When I say flow, what I really mean is ‘volumetric flow rate’. In layman’s terms, flow is the volume of water that passes a certain point in a set period of time and it’s generally expressed as either gallons per minute (gpm) or cubic feet per second (cfs). The equation for flow is:

# Q = V * A

Where Q is flow, V is velocity of the flow, and A is the area of the flow.

For instance, say you have a square ditch running by your house. You know it is three feet wide and five feet deep, but the water in it is currently three feet deep. That makes your area 3 ft * 3ft = 9 square feet. You measure the velocity of the water and determine it’s moving about 2 ft per second. That means the flow rate in that ditch is: Q = 2 * 9 = 18 cubic feet per second.

The numbers themselves aren’t that important. The most important thing to take away from this discussion is how the variables affect each other. If Q goes up, V or A must go up. If A goes down then V goes up, and so on.

Let’s continue our example above. The neighbor wants to slope his yard so it also drains into our ditch. His yard is about the same size as ours, so we’ll assume he’s going to have about the same amount of water. Suddenly the Q in our ditch doubles from 18 to 36. Do we let him do it?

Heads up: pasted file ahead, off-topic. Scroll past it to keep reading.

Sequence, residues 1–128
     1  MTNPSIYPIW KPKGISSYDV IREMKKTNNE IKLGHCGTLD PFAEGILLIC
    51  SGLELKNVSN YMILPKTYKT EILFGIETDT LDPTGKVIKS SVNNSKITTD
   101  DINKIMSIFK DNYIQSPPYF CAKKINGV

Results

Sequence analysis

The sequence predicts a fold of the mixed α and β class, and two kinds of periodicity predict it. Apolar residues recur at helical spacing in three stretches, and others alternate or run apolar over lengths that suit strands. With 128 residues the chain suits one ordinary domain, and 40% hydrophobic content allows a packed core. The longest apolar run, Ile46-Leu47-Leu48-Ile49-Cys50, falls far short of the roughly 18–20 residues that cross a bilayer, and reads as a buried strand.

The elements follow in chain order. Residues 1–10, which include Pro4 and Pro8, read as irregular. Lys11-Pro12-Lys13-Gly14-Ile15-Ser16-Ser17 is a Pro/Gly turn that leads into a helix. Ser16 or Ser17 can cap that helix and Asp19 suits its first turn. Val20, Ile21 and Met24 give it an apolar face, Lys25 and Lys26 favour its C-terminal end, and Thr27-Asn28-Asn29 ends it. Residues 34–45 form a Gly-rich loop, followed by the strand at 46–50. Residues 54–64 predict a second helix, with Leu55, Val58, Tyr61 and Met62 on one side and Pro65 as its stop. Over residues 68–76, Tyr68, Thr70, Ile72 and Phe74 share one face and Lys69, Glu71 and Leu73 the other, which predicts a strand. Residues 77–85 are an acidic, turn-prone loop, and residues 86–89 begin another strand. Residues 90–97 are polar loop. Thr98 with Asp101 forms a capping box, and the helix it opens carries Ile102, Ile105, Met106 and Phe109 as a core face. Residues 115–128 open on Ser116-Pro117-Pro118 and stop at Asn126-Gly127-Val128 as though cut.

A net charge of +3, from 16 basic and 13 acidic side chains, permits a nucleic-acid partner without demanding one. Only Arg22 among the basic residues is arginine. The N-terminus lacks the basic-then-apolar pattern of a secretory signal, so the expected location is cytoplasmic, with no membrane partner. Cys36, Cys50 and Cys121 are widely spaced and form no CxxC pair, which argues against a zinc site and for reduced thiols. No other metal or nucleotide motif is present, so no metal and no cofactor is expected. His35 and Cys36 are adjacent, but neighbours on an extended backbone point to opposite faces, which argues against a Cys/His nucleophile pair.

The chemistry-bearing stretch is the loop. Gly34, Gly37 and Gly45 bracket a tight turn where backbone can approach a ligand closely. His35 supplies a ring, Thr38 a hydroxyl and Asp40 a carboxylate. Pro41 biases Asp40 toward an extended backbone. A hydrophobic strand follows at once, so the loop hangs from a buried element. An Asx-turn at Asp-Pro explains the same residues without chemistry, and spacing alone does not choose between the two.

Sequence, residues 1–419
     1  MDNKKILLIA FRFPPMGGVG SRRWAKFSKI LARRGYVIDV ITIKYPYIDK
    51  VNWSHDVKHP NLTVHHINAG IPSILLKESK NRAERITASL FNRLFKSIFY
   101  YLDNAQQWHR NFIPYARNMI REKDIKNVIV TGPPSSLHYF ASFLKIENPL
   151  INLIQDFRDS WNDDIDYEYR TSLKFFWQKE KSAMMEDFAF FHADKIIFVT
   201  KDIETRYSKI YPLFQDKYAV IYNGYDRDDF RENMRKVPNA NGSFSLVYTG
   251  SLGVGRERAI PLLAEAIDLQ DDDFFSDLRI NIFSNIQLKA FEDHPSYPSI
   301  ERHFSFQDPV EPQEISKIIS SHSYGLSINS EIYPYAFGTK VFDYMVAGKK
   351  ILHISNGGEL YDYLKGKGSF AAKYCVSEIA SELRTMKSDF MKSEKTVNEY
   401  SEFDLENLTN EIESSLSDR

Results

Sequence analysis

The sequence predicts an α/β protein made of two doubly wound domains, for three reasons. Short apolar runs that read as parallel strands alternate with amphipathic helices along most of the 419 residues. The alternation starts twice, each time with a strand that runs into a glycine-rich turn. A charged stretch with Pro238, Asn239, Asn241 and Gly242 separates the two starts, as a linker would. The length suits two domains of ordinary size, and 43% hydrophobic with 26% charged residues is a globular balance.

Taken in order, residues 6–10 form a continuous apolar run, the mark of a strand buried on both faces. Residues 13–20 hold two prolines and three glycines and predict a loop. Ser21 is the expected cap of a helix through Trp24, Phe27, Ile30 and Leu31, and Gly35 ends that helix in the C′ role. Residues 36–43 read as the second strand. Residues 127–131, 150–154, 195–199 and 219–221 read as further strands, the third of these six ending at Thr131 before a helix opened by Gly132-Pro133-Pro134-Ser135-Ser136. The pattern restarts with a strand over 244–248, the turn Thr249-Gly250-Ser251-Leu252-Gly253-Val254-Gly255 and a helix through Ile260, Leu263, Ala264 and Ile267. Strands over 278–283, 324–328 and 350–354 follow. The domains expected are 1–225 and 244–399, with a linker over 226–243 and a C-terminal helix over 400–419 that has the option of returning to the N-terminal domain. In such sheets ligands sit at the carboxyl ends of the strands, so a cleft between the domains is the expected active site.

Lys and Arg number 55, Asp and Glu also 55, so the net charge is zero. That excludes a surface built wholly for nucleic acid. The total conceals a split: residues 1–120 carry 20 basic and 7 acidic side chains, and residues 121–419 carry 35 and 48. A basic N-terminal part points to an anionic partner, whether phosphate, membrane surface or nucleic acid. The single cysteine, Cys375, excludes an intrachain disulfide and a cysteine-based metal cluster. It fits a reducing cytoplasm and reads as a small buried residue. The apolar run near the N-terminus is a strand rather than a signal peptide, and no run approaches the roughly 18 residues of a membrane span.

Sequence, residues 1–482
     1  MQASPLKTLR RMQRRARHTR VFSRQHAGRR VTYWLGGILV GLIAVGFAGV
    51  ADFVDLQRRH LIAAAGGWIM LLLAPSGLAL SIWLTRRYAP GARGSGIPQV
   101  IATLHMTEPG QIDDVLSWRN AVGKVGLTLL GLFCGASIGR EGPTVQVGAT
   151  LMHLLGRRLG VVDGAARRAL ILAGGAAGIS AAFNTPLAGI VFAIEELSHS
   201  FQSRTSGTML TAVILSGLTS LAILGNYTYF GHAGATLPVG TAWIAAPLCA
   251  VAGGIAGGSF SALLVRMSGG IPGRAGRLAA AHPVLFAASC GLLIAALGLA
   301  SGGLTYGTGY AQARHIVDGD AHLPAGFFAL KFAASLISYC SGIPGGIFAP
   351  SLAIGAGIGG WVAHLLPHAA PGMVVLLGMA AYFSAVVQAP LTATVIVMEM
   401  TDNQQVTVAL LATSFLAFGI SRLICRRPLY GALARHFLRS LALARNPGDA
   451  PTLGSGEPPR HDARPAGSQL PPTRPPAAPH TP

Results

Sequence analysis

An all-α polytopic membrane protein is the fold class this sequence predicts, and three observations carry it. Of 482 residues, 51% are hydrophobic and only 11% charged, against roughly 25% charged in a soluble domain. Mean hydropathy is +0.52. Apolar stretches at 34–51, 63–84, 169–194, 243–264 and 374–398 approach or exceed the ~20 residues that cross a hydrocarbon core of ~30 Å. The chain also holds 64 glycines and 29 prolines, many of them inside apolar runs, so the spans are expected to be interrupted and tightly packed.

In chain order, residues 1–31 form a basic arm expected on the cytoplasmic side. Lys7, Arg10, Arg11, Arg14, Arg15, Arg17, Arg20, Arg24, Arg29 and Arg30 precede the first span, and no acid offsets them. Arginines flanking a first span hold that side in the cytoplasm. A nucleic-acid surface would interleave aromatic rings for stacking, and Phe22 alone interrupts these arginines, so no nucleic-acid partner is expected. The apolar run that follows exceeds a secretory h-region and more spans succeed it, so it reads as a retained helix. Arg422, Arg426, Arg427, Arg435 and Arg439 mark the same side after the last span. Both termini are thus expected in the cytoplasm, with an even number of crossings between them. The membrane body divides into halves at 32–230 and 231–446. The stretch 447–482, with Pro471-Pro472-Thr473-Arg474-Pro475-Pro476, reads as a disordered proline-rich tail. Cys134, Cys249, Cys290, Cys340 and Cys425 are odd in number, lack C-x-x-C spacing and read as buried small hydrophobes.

If our Q is going up, then V and/or A are also going to have to go up. Velocity depends on what the ditch is made out of and how steep it is, and the neighbor isn’t going to change those so we’ll assume our velocity stays the same as before, but the ditch is 5 ft high and our water is only 3 ft deep so area can increase when the flow does. But is it enough? To figure that out we’ll calculate the maximum flow the ditch can hold. We do that by using the entire ditch height rather than just the 3 ft of depth.

## A= width * height = 3 ft * 5 ft = 15

## Q = 15 ft * 2 ft/sec = 30

So our ditch will hold 30 cubic feet per second without overflowing. We calculated the flow in our yard to be 18 cfs and we think the neighbors will be about the same. So if we let the neighbor do what he wants there will be 18 + 18 = 36 cfs of water in our ditch. But the max is only 30 cfs. So we tell the neighbor no, because it will make our ditch overflow.

Another way to use our new found knowledge…. Maybe you decide to put in a flower bed next to the creek and want to make it more narrow. You can can do the same calculations with a smaller area and see how that works out. Or if you’re afraid your kids are going to fall down the five foot vertical wall and want to make it a shallow slope instead, you can figure out the best way to do that.

I’ve simplified it quite a bit, but now you know the foundation of hydraulic engineering, so we can build on that. Later I’m going to talk about bridges and levees and how they affect flow.

on April 18, 2012 at 1:14 PMCivil Engineering 101 – Water Resources « Because I Can[…] a lot of specialization, but today I want to talk about my own little corner of that giant space. Hydraulic Engineering, these days better known as Water Resources […]